...But also where I read and dream in my comfy old fauteuil draped with an even older ikat brought back from Bali. I balance my tea precariously on the broken wicker trunk that I bought at the local flea market for 20 Euros (I keep tightly stacked journals inside, all of those lines from days gone by). In the evenings, the light is strong enough to read by without squinting and the lampshade reminds me of my earliest days in France (Remi bought them - they are a set - as a surprise before I moved over, one of the very first purchases for our life together. He guessed that I would like a little leopard in my new abode and he was right). And if, for whatever reason I am really not sorted, then I can always curl up on my boutis covered bed and hide within a nap.

When I am lost in searching for a word or leaning on a phrase, I let my gaze settle on the details surrounding me, such as the odd solidity of the sloping, propped up wooden beams (How could they possibly hold up the roof just above?)...

...and the exceptional patina of the terra-cotta floor tiles...

...that had, at some point, been painted over in a deep burgundy red, which was - thank goodness! - carefully removed by a later resident who likes the underneath just like me. When I roll out my yoga mat, I can hear the broken tiles crackle underfoot. I think that they date from the 18th century. Everyone who visits remarks upon them in particular and about the deuxième étage in general. Actually, when we made that fateful first visit to the house, the room that would become my own was instantly my favorite. Lucky, lucky.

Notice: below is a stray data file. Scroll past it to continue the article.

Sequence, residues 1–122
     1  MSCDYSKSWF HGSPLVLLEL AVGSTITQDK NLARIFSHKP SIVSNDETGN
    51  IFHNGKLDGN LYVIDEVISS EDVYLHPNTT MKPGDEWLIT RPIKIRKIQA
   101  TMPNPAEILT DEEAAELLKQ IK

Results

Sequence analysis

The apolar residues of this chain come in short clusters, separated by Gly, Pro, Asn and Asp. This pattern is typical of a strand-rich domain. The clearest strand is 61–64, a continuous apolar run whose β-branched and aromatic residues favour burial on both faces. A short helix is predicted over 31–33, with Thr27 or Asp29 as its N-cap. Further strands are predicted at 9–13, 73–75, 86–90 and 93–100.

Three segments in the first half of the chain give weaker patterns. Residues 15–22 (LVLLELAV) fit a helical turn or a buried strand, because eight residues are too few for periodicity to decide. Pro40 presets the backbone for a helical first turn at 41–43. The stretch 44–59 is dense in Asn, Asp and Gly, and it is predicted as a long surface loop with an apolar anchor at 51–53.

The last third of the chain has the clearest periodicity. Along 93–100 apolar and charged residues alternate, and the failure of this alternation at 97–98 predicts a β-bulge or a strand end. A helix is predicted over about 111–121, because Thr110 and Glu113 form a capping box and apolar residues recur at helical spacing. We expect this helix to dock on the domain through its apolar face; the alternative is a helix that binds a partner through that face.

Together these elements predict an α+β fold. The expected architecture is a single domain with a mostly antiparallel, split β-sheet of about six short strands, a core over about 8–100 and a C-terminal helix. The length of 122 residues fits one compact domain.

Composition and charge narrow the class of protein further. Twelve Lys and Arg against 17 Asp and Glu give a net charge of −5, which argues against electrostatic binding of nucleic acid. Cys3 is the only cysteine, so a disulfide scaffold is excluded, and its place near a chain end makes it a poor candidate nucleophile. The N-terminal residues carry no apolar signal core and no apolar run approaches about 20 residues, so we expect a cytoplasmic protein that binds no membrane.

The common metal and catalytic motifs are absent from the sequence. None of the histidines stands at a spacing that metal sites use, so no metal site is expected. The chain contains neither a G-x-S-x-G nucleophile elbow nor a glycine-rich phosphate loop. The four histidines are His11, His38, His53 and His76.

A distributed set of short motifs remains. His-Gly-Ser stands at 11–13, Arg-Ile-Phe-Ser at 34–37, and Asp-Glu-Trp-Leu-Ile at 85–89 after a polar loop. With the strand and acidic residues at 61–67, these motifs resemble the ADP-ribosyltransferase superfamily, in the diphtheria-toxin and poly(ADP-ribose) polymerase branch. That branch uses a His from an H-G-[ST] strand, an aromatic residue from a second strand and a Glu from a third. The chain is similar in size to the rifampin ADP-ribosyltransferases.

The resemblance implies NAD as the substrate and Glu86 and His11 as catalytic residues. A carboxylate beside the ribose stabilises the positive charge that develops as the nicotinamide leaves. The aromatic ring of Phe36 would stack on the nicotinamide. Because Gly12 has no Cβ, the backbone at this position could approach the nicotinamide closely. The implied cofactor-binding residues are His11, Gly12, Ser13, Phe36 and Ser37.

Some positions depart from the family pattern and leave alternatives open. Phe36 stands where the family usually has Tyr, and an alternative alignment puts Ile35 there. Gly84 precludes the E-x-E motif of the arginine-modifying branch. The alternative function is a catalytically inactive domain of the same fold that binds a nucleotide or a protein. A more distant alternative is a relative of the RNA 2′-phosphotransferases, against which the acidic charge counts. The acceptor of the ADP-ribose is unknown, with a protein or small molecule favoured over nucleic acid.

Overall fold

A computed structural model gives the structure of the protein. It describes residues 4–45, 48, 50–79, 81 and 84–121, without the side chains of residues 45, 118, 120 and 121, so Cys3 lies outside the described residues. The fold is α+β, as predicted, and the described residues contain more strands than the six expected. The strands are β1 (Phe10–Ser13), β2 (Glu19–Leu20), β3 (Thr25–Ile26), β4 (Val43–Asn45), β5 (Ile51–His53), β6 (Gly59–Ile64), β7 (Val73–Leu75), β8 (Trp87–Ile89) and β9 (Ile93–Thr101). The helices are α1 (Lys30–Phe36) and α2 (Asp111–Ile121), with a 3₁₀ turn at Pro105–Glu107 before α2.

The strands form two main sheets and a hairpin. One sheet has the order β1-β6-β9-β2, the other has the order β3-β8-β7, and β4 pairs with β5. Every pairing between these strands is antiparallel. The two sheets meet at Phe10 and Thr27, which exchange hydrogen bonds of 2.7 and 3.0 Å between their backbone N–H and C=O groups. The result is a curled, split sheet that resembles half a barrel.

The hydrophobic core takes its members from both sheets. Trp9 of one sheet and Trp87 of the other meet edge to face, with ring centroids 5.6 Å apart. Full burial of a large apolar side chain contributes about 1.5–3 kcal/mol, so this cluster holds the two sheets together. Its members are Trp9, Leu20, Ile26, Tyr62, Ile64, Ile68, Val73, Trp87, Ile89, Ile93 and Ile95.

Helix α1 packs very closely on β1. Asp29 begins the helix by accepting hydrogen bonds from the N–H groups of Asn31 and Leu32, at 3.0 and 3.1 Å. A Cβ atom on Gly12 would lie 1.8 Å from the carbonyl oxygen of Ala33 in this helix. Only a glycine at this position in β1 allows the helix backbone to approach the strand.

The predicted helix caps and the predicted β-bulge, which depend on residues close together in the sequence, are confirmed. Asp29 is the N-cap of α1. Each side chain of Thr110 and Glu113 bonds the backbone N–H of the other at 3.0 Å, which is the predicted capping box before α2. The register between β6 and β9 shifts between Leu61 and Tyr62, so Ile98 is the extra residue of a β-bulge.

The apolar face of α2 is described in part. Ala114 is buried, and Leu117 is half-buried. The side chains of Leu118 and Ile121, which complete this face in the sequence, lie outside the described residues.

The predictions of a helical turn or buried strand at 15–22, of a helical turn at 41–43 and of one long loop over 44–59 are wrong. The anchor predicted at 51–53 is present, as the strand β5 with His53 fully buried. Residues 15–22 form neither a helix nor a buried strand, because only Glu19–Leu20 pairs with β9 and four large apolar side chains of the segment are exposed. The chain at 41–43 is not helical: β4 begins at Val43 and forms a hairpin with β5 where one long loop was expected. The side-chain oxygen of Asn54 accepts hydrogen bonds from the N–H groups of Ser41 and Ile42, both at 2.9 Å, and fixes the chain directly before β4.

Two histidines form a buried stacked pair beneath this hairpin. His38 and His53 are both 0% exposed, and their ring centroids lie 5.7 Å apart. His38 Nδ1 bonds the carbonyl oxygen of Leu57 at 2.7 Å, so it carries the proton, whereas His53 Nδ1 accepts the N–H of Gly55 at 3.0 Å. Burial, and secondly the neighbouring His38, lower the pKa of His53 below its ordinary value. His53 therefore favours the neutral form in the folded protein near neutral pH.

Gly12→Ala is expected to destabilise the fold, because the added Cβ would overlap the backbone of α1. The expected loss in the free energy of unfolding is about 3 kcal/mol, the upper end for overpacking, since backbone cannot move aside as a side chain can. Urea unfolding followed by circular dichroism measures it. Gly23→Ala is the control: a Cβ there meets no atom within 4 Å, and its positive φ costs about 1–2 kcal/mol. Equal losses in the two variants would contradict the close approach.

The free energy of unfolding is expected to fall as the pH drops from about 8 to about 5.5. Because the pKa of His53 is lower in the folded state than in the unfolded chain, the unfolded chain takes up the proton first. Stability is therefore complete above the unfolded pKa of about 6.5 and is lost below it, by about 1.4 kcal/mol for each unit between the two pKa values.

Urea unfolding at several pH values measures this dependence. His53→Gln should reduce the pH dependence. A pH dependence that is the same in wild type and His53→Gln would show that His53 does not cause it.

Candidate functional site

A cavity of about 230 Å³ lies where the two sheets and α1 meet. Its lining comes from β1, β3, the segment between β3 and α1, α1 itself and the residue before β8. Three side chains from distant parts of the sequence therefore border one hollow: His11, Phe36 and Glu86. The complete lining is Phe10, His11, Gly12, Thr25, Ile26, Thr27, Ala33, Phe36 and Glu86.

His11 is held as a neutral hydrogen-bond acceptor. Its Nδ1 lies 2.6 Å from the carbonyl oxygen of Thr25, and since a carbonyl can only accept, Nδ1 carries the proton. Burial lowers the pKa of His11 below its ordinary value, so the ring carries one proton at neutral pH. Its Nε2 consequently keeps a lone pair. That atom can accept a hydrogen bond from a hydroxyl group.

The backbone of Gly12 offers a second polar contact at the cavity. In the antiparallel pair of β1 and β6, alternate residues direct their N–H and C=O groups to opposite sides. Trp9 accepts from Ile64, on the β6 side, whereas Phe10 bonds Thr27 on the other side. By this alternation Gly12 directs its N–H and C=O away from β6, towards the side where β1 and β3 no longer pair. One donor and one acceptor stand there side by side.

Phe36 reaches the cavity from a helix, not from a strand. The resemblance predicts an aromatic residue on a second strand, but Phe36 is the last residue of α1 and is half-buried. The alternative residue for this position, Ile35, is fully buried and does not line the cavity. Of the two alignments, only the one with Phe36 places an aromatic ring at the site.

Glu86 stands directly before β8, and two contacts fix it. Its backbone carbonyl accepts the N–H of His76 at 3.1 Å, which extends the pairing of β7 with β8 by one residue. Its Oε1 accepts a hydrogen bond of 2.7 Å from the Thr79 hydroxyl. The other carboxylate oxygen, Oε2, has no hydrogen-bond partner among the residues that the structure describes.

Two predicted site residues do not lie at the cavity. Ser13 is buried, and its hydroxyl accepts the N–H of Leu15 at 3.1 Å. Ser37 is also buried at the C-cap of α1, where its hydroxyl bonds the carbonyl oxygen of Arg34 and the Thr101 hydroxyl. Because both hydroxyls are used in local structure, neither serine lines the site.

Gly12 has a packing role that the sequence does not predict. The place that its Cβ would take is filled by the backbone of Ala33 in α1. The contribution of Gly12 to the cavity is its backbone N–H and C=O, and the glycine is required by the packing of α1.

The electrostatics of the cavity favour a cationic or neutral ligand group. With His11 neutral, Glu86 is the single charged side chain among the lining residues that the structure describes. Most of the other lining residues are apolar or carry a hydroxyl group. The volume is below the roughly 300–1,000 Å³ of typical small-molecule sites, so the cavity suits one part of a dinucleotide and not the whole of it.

There are two windows and so there is always light passing through one way or another. A small one looks north out over the rooftops and has shutters so ancient that they droop soggily from their hinges and clank crankily when the wind starts to blow.

The window at the front opens above the olive and magnolia trees in our courtyard. There is a pair of turtledoves - oui, les tourterelles! - that bill and coo while perched on an antennae rising from the house across the lane. Les mésanges flit past. Oh, how they sing and swoop. Such beautiful music.


Finally, I have found a space where I feel comfortable displaying the beautiful portrait that Remi created for me on my 40th birthday from a photograph that he had taken when we had first met. In the safety of my room, I can consider the gaze of that young Me with kindness and not flinch.

I still haven't organized my books but am always so proud when, in the midst of scrambling for such and such volume, I come across a tome that has been written by a friend piled in amidst Shakespeare and the Brontë's. 

For you see, it is a sentimental space, my room. Only I know the hows and the whys of each little piece that I have put out simply to please me and no one else...from the battered Reynolds style engraving that I named "Marie" when I bought her at 15... the pastels of a series of beautiful, strong and interesting women who inspire me to be true. I can only imagine their gossip after I turn out the lights each night.

Here, I can stack my train cases, even if there is not a voyage to be taken anytime soon...

...where I can remember collecting shells on the shores of a hurricane-grazed island lost in Pacific and gaze at the Buddha to root me right where I am. Backwards, forwards and quietly hovering in the present. Something of a destination in itself. In my room, a room of my own, I feel at peace and utterly at home.

to listen: some lovely music that is fittingly eclectic for this post...
Orange Blossom - Mexico from copilux on Vimeo.

Do you have a corner for yourself chez vous? I think that it is more important than we imagine.

Bon Weekend tout le monde!